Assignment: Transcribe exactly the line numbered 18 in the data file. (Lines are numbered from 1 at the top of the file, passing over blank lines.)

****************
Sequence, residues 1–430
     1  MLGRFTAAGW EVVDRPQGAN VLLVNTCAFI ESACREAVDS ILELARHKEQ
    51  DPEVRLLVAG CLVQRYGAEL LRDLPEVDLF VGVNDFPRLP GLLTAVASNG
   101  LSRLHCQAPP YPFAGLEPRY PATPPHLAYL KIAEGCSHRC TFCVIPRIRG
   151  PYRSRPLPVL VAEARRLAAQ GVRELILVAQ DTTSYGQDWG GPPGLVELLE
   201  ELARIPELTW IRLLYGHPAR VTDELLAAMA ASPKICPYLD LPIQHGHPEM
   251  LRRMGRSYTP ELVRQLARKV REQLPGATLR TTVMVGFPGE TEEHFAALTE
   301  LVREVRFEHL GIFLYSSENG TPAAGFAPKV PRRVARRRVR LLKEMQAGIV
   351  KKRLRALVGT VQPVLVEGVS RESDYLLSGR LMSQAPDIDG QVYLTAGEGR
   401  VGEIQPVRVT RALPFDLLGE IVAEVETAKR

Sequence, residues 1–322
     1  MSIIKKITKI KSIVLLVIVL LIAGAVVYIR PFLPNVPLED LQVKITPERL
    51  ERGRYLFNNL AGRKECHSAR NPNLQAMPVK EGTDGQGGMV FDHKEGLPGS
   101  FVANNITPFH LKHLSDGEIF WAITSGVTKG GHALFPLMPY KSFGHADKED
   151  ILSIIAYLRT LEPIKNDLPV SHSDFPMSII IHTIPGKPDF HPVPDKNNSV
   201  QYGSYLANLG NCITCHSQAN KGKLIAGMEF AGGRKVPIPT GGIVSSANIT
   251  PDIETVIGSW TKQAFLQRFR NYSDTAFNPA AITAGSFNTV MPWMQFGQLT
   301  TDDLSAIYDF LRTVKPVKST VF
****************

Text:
   301  TDDLSAIYDF LRTVKPVKST VF